A World of One's Own | An Essay by Daniel Miyares

The author discusses his latest book and a reoccurring theme in his work.
  As I finished the art for my new picture book, Night Out (Random, May, 2018), it dawned on me that aloneness is a recurring theme in the stories I tell. I can’t even pretend to consciously orchestrate all that goes into creating a compelling picture book. I can only listen closely to my thoughts and feelings. I never set out to tackle that theme. You might say it found me. One of my favorite artists, Andrew Wyeth once said, “I think anything…which is contemplative, silent, shows a person alone—people always feel is sad. Is it because we've lost the art of being alone?” This quote made me wonder: Is there really an art to being alone? I soon came to realize that there is a distinct difference between being alone and being lonely.  When I was a child I had an older brother and plenty of kids in the neighborhood to run around with. I didn’t want for friends. But I did crave those quiet moments when I could be alone—when I could close my eyes, and in the darkness, imagine. Sometimes I would squint until only flickers of light—a passageway to something new—could pass my eyelashes, and I would make up stories about the shapes I saw.

Daniel Miyares at work Photo by Stella Miyares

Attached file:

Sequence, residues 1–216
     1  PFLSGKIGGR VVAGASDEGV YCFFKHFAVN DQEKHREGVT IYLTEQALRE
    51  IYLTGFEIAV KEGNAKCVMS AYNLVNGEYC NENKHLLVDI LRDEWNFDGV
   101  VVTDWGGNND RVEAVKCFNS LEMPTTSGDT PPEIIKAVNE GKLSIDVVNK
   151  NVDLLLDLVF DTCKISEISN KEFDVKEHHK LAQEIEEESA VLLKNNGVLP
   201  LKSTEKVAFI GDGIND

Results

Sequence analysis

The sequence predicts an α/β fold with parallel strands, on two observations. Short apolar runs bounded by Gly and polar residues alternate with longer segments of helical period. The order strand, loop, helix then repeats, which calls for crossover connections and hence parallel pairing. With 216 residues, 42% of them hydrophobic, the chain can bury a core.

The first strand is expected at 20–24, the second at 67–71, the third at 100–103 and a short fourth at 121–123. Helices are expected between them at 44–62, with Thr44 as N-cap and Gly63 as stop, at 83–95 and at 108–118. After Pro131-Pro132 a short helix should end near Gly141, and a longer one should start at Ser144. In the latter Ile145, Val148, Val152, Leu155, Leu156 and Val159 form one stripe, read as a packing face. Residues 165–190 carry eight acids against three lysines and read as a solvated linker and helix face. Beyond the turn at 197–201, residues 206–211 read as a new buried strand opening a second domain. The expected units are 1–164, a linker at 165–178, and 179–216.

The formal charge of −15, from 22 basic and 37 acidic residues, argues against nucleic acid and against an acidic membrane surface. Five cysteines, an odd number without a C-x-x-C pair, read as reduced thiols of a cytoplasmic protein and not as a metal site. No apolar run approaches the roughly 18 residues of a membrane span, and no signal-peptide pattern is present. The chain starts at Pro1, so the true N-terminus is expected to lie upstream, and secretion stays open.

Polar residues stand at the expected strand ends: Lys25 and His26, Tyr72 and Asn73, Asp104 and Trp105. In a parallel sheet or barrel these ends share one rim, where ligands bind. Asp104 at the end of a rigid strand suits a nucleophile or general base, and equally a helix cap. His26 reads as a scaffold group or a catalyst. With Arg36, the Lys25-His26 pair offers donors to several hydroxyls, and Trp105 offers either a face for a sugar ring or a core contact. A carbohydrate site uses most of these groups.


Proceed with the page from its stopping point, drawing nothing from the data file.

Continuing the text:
And then, when I came back to reality, I would start to draw! (At four years old I had discovered that with a pencil, paper, and a portion of courage I could explore anything I wanted.) Drawing quickly became my escape, my truth teller, my shield, my praise-getter, my own private joy. As I grew older, I learned that one’s imagination is a vast, endless world that each of us, alone, has unlimited access to. Of course we can report back to others on what we see, but only we get to discover, firsthand, the wonders that live there. The words I write and the pictures I paint are my way of sharing all the places I’ve been. In Night Out I wanted to show a child literally gaining access to his imagination. The story begins with a young boy who has reluctantly found himself alone among others. But it is just this solitude that enables him to discover a small thing that others miss; he finds an invitation to venture into the unknown. And despite his fear and uncertainty, he ventures forth…. I like to think of Night Out as a letter of encouragement to those who are feeling lonely in the face of aloneness--my personal invitation to young readers and listeners to escape into the wonders of your imagination.

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